Everyone gets hiccups from time to time. And while it can be embarrassing to have a loud case of hiccups in public, it’s usually nothing to worry about. Hiccups may be annoying, but they are almost always harmless and rarely last long.
Still, you may wonder: How can you get rid of the hiccups? Do home remedies like holding your breath and counting to 10 really work? What about startling someone who has hiccups?
Here’s everything you need to know about hiccups — and the best ways to deal with them.
What Are Hiccups?
The medical name for hiccups is singultus. It comes from the Latin word “singult,” which means to “catch one’s breath while sobbing.”
Here’s how hiccups occur.
First, your diaphragm has a spasm, or involuntary movement. The diaphragm is the large muscle at the base of your lungs. It separates your chest from your abdomen and helps you breathe.
Next, a structure inside your throat — the epiglottis — closes quickly. It’s the flap of tissue that closes over the windpipe when you swallow, so you don’t inhale food. This quick movement of the epiglottis causes the loud, jarring “hic” sound that identifies hiccups.
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Who Gets Hiccups?
People of all ages get hiccups. Children, teens, adults, and the elderly get hiccups.
Hiccups are common in newborns and even babies in utero. They may play a role in helping the diaphragm and other muscles learn how to breathe before the baby is born.
Doctors don’t know why, but hiccups affect more men than women.
What Causes Hiccups?
Although they are common, doctors don’t know exactly what causes hiccups. Sometimes hiccups stop and start for no apparent reason. But you often get hiccups when something irritates your diaphragm.
Possible irritants might be:
- Eating too much.
- Eating too quickly.
- Experiencing strong emotions, like stress or excitement.
- Drinking alcohol or caffeine.
- Drinking carbonated drinks.
- Eating hot, spicy foods.
- Drinking something hot followed by something very cold.
- Swallowing too much air when eating or drinking quickly.
- Chewing gum, especially nicotine gum.
- A disease or injury that affects the nerves that control the diaphragm.
- Side effects from medicines.
Hiccups may only last a few minutes, or they may linger for a few hours. They repeat at cycles of four to 60 per minute.
The good news is that hiccups almost always go away without treatment. You rarely need medical help for hiccups.
How to Stop Hiccups
Hiccups usually go away on their own. But when you’re experiencing hiccups, a few minutes can feel like a long time. You may want to try one or more of the following home remedies.
None of these treatments have been scientifically proven. However, many people swear by them, and they don’t do any harm.
If you want to get rid of hiccups, try:
- Breathing slowly and deeply into a paper bag.
- Pulling your knees to your chest and leaning forward.
- Sipping ice-cold water.
- Eating a piece of ice.
- Swallowing a teaspoon of sugar.
- Biting on a lemon.
- Taking a sip of vinegar.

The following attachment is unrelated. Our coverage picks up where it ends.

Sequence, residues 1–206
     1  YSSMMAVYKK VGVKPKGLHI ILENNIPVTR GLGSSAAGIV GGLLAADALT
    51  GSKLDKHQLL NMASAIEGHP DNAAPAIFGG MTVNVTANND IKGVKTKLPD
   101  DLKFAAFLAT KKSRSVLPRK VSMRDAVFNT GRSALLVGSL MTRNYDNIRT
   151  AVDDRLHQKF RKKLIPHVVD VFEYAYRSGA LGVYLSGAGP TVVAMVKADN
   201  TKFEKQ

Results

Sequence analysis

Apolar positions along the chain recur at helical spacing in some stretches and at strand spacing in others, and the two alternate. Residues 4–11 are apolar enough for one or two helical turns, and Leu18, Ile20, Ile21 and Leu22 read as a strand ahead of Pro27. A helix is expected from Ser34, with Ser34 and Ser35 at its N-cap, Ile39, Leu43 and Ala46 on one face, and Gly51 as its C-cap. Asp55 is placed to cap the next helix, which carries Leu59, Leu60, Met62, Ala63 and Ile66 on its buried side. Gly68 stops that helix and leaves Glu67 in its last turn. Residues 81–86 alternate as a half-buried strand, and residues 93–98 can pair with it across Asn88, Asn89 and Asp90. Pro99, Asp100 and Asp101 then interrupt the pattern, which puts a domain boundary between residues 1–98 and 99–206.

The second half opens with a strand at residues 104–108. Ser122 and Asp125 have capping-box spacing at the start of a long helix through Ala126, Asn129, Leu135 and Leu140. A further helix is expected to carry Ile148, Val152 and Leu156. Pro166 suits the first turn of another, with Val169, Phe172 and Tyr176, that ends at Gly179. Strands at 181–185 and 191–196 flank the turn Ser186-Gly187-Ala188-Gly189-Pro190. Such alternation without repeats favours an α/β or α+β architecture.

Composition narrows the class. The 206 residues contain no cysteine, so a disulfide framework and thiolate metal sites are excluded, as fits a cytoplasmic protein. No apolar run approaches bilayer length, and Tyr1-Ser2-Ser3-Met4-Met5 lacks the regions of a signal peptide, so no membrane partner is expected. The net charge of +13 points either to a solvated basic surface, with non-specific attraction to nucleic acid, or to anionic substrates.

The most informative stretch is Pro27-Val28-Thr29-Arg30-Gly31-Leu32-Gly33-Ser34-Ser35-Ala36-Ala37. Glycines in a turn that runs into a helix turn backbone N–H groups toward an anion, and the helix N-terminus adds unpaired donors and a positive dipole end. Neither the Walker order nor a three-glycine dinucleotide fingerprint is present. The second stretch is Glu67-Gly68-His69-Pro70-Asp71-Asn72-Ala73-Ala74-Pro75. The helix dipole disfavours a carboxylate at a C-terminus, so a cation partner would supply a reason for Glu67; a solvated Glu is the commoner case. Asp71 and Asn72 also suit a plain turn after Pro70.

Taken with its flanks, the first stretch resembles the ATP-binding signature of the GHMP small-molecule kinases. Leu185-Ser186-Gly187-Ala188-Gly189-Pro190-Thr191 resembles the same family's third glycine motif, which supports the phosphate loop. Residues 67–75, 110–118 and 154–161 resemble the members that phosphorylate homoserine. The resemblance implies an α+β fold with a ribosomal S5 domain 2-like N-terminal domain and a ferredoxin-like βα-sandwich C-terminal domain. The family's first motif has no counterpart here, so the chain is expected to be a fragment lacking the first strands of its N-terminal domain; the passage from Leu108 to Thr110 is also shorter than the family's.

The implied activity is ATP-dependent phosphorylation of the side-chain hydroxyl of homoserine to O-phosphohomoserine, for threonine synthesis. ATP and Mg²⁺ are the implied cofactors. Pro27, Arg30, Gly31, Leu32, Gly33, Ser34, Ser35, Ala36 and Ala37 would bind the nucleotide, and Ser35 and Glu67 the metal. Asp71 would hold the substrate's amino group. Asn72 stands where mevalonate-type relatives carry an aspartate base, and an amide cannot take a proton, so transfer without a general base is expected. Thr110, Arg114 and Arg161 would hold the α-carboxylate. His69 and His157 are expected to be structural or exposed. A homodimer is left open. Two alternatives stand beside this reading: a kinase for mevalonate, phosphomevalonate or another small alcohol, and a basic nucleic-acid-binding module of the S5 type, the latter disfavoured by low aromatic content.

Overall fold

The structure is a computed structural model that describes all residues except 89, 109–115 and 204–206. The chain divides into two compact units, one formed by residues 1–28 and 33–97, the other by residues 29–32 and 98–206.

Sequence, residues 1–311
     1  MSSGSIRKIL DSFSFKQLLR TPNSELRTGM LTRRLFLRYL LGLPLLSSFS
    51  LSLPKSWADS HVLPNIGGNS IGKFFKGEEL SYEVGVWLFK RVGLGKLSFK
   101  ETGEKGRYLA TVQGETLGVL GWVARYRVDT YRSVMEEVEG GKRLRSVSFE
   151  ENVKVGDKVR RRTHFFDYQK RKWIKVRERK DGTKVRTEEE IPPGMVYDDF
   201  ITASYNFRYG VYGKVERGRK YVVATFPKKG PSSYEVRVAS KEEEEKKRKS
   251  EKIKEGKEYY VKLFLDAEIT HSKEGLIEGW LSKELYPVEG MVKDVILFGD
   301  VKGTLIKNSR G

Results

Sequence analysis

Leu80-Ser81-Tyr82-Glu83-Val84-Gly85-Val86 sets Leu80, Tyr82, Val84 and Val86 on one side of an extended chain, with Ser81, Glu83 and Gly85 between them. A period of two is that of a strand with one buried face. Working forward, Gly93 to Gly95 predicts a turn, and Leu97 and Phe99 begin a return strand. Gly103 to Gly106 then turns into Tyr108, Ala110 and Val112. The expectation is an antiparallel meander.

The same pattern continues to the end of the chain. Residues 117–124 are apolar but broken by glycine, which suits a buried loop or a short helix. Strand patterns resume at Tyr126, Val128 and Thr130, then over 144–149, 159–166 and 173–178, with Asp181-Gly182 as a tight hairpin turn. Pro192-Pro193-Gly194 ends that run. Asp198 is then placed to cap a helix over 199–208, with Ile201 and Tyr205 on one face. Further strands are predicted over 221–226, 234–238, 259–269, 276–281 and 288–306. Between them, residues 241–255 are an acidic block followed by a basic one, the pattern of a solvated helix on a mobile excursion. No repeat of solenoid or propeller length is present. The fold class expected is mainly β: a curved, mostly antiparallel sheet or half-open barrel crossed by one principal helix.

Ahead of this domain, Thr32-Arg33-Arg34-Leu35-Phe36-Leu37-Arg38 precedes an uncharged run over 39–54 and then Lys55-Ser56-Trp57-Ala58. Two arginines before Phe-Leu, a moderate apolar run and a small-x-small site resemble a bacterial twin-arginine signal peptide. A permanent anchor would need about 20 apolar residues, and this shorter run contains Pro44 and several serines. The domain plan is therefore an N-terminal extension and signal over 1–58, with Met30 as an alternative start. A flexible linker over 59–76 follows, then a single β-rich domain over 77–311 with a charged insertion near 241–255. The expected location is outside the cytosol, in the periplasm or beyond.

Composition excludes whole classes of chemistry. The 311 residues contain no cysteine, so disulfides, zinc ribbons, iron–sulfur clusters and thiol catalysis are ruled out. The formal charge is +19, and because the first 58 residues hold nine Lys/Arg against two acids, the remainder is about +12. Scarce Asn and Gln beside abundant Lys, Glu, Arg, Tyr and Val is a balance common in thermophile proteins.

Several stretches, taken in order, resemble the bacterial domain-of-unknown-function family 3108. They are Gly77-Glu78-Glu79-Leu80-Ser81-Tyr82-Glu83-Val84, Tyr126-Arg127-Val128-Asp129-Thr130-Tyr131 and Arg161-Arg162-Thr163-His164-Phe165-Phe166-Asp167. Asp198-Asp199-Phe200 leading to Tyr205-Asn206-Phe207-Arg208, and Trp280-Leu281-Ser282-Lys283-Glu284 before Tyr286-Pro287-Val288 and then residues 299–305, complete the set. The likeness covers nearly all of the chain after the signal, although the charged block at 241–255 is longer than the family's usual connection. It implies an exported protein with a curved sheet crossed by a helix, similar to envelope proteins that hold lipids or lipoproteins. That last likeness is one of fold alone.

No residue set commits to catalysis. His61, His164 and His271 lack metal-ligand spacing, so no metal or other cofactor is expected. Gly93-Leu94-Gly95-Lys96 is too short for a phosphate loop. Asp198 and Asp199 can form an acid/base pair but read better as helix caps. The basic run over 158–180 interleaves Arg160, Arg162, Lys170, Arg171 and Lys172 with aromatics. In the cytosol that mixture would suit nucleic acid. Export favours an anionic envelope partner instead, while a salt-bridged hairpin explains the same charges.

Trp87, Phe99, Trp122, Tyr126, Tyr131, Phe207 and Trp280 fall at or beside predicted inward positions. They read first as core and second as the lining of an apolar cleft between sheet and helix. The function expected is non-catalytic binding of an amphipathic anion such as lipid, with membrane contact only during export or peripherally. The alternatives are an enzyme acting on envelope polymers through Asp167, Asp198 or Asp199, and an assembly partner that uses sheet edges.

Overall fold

- Holding your breath and counting to 10.
- Gargling with ice water.
- Try drinking water from the “wrong” side of the glass.
- Splashing cold water on your face.
- Distracting yourself by taking a walk or reading.
One caveat: The “scare treatment” is an old home remedy for hiccups, but be careful about having someone purposely frighten you. It doesn’t always work, and it could lead to an accident.
When to Call the Doctor About Hiccups
Sometimes hiccups last longer than a few minutes. It’s rare, but hiccups can last for days, weeks, and even months. Hiccups that last longer than two days may be a sign of an underlying disease.
You should call your doctor if:
- Your hiccups last longer than 48 hours.
- You get hiccups frequently, even if they don’t last for days.
- You feel like hiccups interfere with your daily life.
Hiccups that last less than 48 hours are acute hiccups. Hiccups that last more than 48 hours are persistent hiccups. If they last longer than a month, they are intractable hiccups.
Persistent or intractable hiccups may be a symptom of a disease or disorder. They may also be a side effect of medicine. Sometimes epilepsy medicine or chemotherapy for cancer can trigger long bouts of hiccups.
Persistent and intractable hiccups are no joke. They can keep you up at night and leave you exhausted. They can contribute to weight loss from not sleeping and eating normally.
These chronic hiccups can also interfere with your ability to communicate and have a normal social life. They may make you feel depressed and anxious. If you have chronic hiccups, it’s important for your doctor to diagnose and treat you for the underlying condition or disease.
You can’t always prevent hiccups. They often seem to happen spontaneously, with no rhyme or reason.
However, acute hiccups are often triggered by eating and drinking too much. You can take certain steps with what and how you eat and drink. To prevent hiccups, try these strategies.
- Don’t gulp your food. Take your time when eating and drinking.
- Limit your caffeine and alcohol intake.
- Eat smaller meals more often, as opposed to a couple big meals per day.
- Cut back on carbonated drinks.
- Eat your last meal at least three hours before bedtime.
- Practice regular deep breathing to relax your diaphragm.
Bonus: Adopting these strategies will not only reduce your chance of getting hiccups, they will help you be healthier overall.
National Library of Medicine, Hiccups, Link
Genetic and Rare Diseases Information Center, Chronic Hiccups, Link
American Cancer Society, Hiccups and Heartburn, Link
Kidshealth.org, What Causes Hiccups? Link
NHS, Hiccups, Link
National Organization for Rare Diseases, Hiccups, Chronic, Link
National Library of Medicine, Singultus, Link
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